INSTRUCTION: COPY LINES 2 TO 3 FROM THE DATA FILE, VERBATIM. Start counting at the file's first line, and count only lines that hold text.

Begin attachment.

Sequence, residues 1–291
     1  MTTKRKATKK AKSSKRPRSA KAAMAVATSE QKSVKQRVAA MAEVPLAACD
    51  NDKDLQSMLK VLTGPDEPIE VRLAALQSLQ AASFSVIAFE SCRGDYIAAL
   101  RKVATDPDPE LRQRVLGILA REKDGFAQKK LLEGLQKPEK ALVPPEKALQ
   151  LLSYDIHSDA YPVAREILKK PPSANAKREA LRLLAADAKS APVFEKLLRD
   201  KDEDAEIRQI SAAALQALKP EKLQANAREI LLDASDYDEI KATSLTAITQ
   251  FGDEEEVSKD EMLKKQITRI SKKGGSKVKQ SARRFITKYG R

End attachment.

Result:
     1  MTTKRKATKK AKSSKRPRSA KAAMAVATSE QKSVKQRVAA MAEVPLAACD
    51  NDKDLQSMLK VLTGPDEPIE VRLAALQSLQ AASFSVIAFE SCRGDYIAAL